No – not Rosie and Dan – though the BIG DAY is now only a week away. These are different lovebirds. I’ve been busy making new bunting for my kitchen, digging deep into my stash and finding fabrics that I’d completely forgotten about, one of which was this large remnant of Nina Campbell Perroquet acquired from the remnants bin at a furnishings shop sale. Some of the lovely painterly roses and parrots went into my bunting, but I couldn’t bear to cut up this pair of lovebirds…..
And then I had an idea. I’ve recently discovered the joys of embroidering on printed fabric. No, that’s not quite true, I’ve always enjoyed embroidering on printed fabric – but have recently begun to really incorporate the fabric design into my stitching rather than simply working over it. My Bloom and Grow pattern in last month’s magazine is an example of this idea …
And so I thought I’d turn these two lovebirds into a little gift for the happy couple. Other than the text I didn’t draw up a pattern, but simply indicated with my erasable pen where I wanted to stitch and dived in …..
Bullion stitch roses with Anchor variegated floss – loads of fun!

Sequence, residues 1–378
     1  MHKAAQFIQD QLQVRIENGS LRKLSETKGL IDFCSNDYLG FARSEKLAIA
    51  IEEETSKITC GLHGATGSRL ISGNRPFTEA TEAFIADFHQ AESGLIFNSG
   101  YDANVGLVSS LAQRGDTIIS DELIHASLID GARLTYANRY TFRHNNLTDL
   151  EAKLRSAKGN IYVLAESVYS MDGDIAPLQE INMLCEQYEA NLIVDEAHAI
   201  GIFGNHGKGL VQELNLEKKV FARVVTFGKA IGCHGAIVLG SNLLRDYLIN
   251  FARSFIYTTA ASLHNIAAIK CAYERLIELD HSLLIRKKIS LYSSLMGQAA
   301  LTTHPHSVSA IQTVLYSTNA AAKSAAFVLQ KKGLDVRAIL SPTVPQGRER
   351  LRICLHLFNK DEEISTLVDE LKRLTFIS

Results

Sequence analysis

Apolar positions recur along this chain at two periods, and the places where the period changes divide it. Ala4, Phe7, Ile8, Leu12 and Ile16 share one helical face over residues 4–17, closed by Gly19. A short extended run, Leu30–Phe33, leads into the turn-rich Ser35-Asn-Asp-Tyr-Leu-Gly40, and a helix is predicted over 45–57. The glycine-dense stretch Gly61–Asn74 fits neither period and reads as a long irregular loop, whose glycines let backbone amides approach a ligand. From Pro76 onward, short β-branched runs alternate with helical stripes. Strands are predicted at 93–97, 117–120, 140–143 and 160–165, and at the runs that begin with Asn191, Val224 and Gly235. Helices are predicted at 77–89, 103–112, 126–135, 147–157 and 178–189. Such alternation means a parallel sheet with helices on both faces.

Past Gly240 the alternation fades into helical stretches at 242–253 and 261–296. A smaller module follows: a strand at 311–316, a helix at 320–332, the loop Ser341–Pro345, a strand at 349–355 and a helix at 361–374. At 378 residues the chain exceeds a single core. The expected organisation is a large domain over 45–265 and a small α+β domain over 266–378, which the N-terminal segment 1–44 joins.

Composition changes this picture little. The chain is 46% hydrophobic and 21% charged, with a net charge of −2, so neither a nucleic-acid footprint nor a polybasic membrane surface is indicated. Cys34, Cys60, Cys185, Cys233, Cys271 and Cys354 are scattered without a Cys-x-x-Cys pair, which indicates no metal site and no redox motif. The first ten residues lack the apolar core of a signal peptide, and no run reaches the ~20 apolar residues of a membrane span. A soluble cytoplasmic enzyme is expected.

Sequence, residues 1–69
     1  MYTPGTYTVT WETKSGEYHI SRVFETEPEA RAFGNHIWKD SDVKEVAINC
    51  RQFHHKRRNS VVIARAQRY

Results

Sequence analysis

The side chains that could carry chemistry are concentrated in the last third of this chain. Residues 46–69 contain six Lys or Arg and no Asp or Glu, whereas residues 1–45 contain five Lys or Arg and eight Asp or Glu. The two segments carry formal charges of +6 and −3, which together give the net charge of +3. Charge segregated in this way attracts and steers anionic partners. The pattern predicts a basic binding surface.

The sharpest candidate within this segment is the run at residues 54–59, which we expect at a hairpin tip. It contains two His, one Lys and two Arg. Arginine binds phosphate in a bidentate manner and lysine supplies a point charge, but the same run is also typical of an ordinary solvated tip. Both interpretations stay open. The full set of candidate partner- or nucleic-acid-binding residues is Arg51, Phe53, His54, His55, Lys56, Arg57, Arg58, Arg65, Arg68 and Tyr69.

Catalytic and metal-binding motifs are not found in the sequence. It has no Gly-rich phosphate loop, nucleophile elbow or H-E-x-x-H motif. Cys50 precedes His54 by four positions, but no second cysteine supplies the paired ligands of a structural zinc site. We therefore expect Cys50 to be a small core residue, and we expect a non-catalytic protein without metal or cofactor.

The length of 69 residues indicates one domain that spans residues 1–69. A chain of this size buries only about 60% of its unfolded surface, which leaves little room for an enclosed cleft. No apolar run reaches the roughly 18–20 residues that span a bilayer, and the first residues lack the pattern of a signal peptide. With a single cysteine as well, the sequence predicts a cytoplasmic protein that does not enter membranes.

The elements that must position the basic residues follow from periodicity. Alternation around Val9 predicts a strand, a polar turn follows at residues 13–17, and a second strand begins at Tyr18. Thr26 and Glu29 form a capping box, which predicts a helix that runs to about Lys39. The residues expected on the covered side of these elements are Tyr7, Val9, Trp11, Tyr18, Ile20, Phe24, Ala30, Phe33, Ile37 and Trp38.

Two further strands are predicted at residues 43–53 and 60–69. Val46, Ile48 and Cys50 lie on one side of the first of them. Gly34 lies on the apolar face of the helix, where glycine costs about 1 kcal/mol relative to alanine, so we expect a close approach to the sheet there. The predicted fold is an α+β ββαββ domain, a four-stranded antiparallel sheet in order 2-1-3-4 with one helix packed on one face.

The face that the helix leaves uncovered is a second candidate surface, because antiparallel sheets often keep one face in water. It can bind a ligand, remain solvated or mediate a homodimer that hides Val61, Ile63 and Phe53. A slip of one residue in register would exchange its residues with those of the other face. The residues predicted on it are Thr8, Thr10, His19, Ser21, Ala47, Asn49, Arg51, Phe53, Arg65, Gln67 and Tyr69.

From reading the comments on my giveaway (closes tonight, but there’s still time to enter if you’d like the chance to win a Bloom & Grow kit) I think others have enjoyed stitching on printed fabric too. I think that my first two kits – coming in the late summer/early autumn are therefore likely to be an embroidery kit with printed fabric and a softie. I can’t decide which softie yet, though I’m leaning towards a Humphrey – if anyone has any strong opinions then please do let me know. The softie kits will be available in limited runs only as I will need to source the perfect fabrics – usually vintage or recycled – which by their very nature aren’t available in large quantities.
But I’m getting over-excited and ahead of myself, so here to finish is the completed Lovebirds Hoop ….
I hope they like it!
I am afraid that for the next couple of weeks I might not be around as much as usual. This doesn’t mean I’ve forgotten - simply that there’s now only just over two weeks until the BIG DAY and, as well as all the busy-ness that involves, I also have to finish off the July issue of the Bustle & Sew Magazine (there’s a lot I want to pack into this issue!) This means that blogging time is in short supply which makes me sad, because there’s so much I want to show you. Our excitement is building and Rosie’s Handmade Wedding vision is becoming reality. We have placenames …..
All the names are handstitched in a mixture of stem and satin stitch onto vintage linen sheet, hemmed at the top and mounted in a 7″ hoop. Rosie chose an assortment of pretty pastels in blues for the boys and pinks/lilacs for the girls to back the hoops. We produced the menus on Photoshop and they were printed by Vistaprint. We’re still working on the tablenames – just waiting for the hoops to arrive (spot the theme going on here!)
I just hope I don’t discover I urgently need a pink button for another project as Rosie has snaffled them all! Then one of my favourite projects didn’t involve sewing at all…..